token.start <- idx[,1]
# define end position of hit
token.end <- idx[,2]
# define start position of preceding context
pre.start <- ifelse(token.start-context < 1, 1, token.start-context)
# define end position of preceding context
pre.end <- token.start-1
# define start position of subsequent context
post.start <- token.end+1
# define end position of subsequent context
post.end <- ifelse(token.end+context > lngth, lngth, token.end+context)
# extract the texts defined by the positions
PreceedingContext <- substring(x, pre.start, pre.end)
Token <- substring(x, token.start, token.end)
SubsequentContext <- substring(x, post.start, post.end)
conc <- cbind(PreceedingContext, Token, SubsequentContext)
# return concordance
return(conc)
})
concdf <- ldply(conc, data.frame)
colnames(concdf)[1]<- "File"
return(concdf)
}

We can now try if this function works by searching for the sequence you know in the transcripts that we have loaded earlier. One difference between the kwic function provided by the quanteda package and the customized concordance function used here is that the kwic function uses the number of words to define the context window, while the mykwic function uses the number of characters or symbols instead (which is why we use a notably higher number to define the context window).

myconcordances <- mykwic(transcripts_collapsed, "you know", 50)
## Loading required package: plyr
## ------------------------------------------------------------------------------
## You have loaded plyr after dplyr - this is likely to cause problems.
## If you need functions from both plyr and dplyr, please load plyr first, then dplyr:
## library(plyr); library(dplyr)
## ------------------------------------------------------------------------------
##
## Attaching package: 'plyr'
## The following objects are masked from 'package:dplyr':
##
##     arrange, count, desc, failwith, id, mutate, rename, summarise,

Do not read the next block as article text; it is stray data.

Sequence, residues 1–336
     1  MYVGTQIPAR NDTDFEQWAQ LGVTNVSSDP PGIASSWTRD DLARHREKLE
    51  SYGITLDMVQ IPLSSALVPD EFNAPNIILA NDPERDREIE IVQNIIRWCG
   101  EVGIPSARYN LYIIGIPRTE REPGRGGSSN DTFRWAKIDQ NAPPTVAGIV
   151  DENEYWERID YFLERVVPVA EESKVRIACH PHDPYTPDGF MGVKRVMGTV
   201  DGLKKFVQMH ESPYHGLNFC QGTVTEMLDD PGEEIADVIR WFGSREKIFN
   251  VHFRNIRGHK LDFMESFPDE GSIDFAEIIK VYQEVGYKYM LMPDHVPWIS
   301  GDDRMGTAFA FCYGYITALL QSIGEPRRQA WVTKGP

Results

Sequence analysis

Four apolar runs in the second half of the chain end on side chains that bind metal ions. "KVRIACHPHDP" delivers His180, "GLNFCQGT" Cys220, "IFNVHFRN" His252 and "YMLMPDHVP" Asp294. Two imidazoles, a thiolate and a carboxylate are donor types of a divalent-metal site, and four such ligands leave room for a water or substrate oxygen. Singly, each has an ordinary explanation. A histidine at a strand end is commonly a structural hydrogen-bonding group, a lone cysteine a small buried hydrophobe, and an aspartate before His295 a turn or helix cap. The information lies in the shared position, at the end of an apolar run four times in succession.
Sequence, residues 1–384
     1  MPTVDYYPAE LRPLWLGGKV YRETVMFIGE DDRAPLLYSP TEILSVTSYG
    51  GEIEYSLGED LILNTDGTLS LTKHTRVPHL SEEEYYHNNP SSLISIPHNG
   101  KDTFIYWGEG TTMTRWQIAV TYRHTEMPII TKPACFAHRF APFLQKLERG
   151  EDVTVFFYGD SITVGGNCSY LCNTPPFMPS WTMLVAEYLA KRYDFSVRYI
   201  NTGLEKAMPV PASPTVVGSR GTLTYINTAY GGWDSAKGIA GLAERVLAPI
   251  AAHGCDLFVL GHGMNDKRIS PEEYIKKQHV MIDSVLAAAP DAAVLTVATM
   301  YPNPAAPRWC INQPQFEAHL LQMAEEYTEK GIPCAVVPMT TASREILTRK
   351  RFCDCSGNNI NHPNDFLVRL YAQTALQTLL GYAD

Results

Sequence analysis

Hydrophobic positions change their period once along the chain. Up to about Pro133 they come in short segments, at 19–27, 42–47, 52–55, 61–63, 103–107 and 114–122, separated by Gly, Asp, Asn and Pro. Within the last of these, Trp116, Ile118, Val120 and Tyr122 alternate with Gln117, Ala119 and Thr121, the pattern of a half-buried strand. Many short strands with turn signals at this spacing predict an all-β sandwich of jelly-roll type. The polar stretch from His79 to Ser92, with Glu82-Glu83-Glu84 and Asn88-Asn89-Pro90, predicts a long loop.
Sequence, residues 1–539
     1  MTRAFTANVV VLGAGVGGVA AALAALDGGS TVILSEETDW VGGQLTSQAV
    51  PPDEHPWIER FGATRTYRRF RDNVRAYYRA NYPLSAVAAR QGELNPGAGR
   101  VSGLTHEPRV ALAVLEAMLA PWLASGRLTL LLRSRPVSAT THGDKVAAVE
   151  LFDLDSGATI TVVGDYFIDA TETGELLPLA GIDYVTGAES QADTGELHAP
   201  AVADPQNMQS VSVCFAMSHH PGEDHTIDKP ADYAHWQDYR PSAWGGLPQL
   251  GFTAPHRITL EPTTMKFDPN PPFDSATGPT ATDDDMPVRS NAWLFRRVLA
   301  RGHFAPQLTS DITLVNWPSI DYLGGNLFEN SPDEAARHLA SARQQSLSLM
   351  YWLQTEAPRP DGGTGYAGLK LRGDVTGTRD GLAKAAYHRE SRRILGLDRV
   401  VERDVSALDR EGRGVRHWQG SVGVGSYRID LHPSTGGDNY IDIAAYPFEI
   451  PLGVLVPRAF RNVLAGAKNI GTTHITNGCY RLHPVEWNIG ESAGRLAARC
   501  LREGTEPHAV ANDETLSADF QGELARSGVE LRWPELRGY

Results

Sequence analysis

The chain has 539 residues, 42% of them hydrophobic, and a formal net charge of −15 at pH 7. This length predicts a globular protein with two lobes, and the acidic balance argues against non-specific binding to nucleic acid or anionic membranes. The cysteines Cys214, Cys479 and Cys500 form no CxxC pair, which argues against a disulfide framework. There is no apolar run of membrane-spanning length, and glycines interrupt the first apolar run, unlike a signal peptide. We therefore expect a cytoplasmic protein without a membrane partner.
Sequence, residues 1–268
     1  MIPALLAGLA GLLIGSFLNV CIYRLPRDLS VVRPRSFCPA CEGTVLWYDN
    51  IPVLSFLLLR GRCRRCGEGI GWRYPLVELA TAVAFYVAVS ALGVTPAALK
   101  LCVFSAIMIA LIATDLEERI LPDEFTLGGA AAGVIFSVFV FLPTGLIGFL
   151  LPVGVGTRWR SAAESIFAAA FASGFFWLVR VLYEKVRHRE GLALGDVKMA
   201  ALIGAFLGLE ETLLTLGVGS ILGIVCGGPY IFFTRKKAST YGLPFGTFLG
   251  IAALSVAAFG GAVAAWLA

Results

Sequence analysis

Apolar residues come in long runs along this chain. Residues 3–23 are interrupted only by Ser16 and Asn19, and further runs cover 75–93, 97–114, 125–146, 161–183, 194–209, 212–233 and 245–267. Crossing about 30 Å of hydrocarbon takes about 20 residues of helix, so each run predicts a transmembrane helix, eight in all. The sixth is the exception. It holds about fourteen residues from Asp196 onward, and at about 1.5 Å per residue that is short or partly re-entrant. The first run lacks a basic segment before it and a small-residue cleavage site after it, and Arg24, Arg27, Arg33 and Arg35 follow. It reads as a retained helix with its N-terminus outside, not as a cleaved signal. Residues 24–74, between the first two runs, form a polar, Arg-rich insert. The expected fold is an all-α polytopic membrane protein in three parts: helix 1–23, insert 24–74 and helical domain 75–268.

##     summarize
# inspect data
kable(head(myconcordances), caption = "First 6 concordances for you know extracted using the mykwic function.") %>%
kable_styling(bootstrap_options = "striped", full_width = T, position = "left")
First 6 concordances for you know extracted using the mykwic function.
File PreceedingContext Token SubsequentContext
https://slcladal.github.io/data/ICEIrelandSample/S1A-001.txt to let me jump <,> that was only the fourth time you know <#> It was great <&> laughter </&> <S1A-001A&gt; &lt;# </td> </tr> <tr> <td style="text-align:left;"> https://slcladal.github.io/data/ICEIrelandSample/S1A-001.txt </td> <td style="text-align:left;"> with the whip &lt;,&gt; and over it went the last time </td> <td style="text-align:left;"> you know </td> <td style="text-align:left;"> &lt;#&gt; And Stephanie told her she was very determine </td> </tr> <tr> <td style="text-align:left;"> https://slcladal.github.io/data/ICEIrelandSample/S1A-001.txt </td> <td style="text-align:left;"> ghter &lt;/&amp;&gt; because it had refused the other times </td> <td style="text-align:left;"> you know </td> <td style="text-align:left;"> &lt;#&gt; But Stephanie wouldn't let her give up on it </td> </tr> <tr> <td style="text-align:left;"> https://slcladal.github.io/data/ICEIrelandSample/S1A-001.txt </td> <td style="text-align:left;"> k and keep coming back &lt;,&gt; until &lt;,&gt; it jumped it </td> <td style="text-align:left;"> you know </td> <td style="text-align:left;"> &lt;#&gt; It was good &lt;S1A-001A> <#> Yeah I ’m not so
https://slcladal.github.io/data/ICEIrelandSample/S1A-001.txt she ’d be far better waiting <,> for that one <,> you know and starting anew fresh <S1A-001A&gt; &lt;#&gt; Yeah but </td> </tr> <tr> <td style="text-align:left;"> https://slcladal.github.io/data/ICEIrelandSample/S1A-001.txt </td> <td style="text-align:left;"> er 's the best goes top of the league &lt;,&gt; &lt;{&gt; &lt;[&gt; </td> <td style="text-align:left;"> you know </td> <td style="text-align:left;"> &lt;/[&gt; &lt;S1A-001A> <#> <[> So </[> </{> it ’s like

As this concordance function only works for more than one text, we split the text of Darwin’s On the Origin of Species into chapters and assign each section a name.

# read in text
origin_split <- origin %>%
str_squish() %>%
str_split(" [0-9]{1,2}\\. ") %>%
unlist()
origin_split <- origin_split[which(nchar(origin_split) > 2000)]
names(origin_split) <- paste0("text", 1:length(origin_split))
# inspect data
nchar(origin_split)
##  text1  text2  text3  text4  text5  text6  text7  text8  text9 text10 text11
##  10583  69614  29402  35644  94090  72494  66361  69133  61073  58530  62064
## text12 text13 text14 text15
##  67890  51322  87415  58207

Now that we have named elements, we can search for the pattern natural selection. We also need to clean the concordance as some sections do not contain any instances of the search pattern. To clean the data, we select only the columns File, PreceedingContext, Token, and SubsequentContext and then remove all rows where information is missing.

natsel_conc <- mykwic(origin_split, "natural selection", 50)
natsel_conc <- natsel_conc %>%
select(File, PreceedingContext, Token, SubsequentContext) %>%
na.omit()
# inspect data